- Lorca: Civil war and death. Cultural trekking route
- Lorca’s youth in the fertile plain of Valderrubio. Private tour
- Lorca in Fuente Vaqueros: The beginning of a genius
- Essential Granada private tour
- Albaicin and Sacromonte twilight walking tour. Join a premium small group
- Private Albaicin walking tour and Gypsy Sacromonte
- Alhambra tour guide. Complete your experience
- Alhambra night tour in a premium small group
- Full day combo: Alhambra tour, Albaicin and Sacromonte in a premium small group
- Full Day in Granada: Visit the Alhambra and the Dobla de Oro monuments in a premium small group
- Alhambra Experiences: Night and day tour in a premium small group
- Alhambra and Generalife guided tour in a premium small group
Every song that’s released ends up with thousands upon thousands of parodies, but occasionally, the parodies are even better than the original. That’s the way it’s going in Spain, with ‘Granaino Style’, the irreverent, Nasrid take on the Korean ‘Gangnam Style’. It’s a highly crafted joke, which has gone beyond Granada itself, laughing at its own stereotypes and showing off its unique characteristics to become a viral video which promotes the city as a tourist destination in more than 100 countries.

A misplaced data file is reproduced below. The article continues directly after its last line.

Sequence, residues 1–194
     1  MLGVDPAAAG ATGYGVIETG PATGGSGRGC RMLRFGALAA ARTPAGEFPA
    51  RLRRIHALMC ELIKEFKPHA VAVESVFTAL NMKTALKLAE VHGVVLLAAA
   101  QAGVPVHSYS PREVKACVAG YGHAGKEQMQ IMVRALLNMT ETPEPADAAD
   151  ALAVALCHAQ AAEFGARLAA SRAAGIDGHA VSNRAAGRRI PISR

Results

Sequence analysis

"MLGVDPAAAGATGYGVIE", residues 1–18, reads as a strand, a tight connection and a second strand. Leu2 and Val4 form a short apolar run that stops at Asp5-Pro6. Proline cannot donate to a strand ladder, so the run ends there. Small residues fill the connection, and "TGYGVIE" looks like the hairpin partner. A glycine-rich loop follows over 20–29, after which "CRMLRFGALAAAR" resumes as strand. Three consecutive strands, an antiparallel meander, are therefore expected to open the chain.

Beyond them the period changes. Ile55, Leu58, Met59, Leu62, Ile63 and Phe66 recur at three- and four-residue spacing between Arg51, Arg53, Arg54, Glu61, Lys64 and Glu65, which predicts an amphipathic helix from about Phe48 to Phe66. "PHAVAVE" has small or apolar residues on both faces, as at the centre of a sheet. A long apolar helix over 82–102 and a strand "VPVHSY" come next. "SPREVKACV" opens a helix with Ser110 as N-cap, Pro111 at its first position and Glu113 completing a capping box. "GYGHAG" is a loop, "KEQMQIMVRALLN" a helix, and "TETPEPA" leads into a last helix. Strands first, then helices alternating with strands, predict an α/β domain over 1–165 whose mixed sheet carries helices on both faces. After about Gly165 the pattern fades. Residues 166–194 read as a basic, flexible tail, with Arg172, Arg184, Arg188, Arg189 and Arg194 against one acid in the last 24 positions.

The original ‘Gangnam Style’ is a parody in itself. The Korean singer, Psy, claims to live a life which adheres to the ‘Gangnam style’; the most exclusive area in Seoul. Yet, in the video, what he does is somewhat more tacky; the sort of thing a millionaire from that area would do. It’s the Korean equivalent, despite the distance, of La Moraleja, or the Salamanca area of Madrid. However, the Granadian equivalent, Cecilio – patron of the city, San Cecilio – interpreted by Juan Vinuesa, fits all the stereotypes of the “Granaino Style”, which he would enjoy even more if he hadn’t spent so much time looking for his friends, who are tucking into tapas and Alhambra beer – the 1925 reserva or ‘minohs’ as it’s known locally, while they wait for him. Hungry and as it’s time for an afternoon snack, he ends up heading to two more of the city’s landmark companies: a sweet ‘Maritoñí’ and a Puleva milkshake. Paco Torres from Efecto Global and ‘intellectual author’ of ‘Granaino Style’, explains that the viral internet craze encouraged him to make a parody of Psy and as “it had been a long time since Granada had gone viral like the video of the joke about the Granadian priest’. That’s how he got talking with the production company Studio Sur and the person in charge of the script for the comedians who make up the group ‘MFGranaína’, taking the city by storm via Twitter. Torres celebrates the fact that Rocío Díaz, the Councillor for Tourism at the Ayuntamiento de Granada, has recognised that it is a ‘very effective, enjoyable way of promoting the city’. While Cecilio looks for his mates, he travels all the way from the Sierra Nevada to the beaches on the coast of Almuñecar in less than an hour. While he visits Calle Zacatín, the Basilica of the Virgen de las Angustias or the Church of Fray Leopoldo, or even visit the Alhambra, the Albayzín, the typical Carmens (traditional Granadian houses with large, open central patios), the Granada CF Stadium – ‘second? Please, tell me we’re not second’ – or dance the night away at the well-known local club, ‘Mae West’. ‘We expected 20,000 visits and that itself would have been a great success, but we’re already up to 520,000. It has also had views from over 100 countries and it just keeps on growing. We didn’t expect this at all’, says Torres. If that wasn’t enough, at the end of the ‘Granaino Style’ video, they break into a ‘Harlem Shake’ at the Mirador San Nicolás, joining the two main viral trends over the last few months, together. The protagonist, Juan Vinuesa from Albolote, took part in the video which one a Goya in 2012, ‘Un Barco pirata’ (A Pirate Ship), already placing the province on the map. Director Fernando Trullols thanked the town when collecting the award, as during filming, the guy now known as ‘the Granadian Psy’ pulled the wool over everyone’s eyes and tricked them into believing the thieves played by himself, Raúl Arévalo and Font García, were born in his town. Behind the success is a full month of work, from the complex art of writing the lyrics ‘the Korean language has many very short words, so adapting Spanish to fit the rhythm isn’t easy’, organising the locations, to filming, as they were hit by heavy rain. ‘However, people had a great time. We met up to dance and loads of people joined in. They can now see themselves in the video’…well, them and almost 900,000 people from across the world.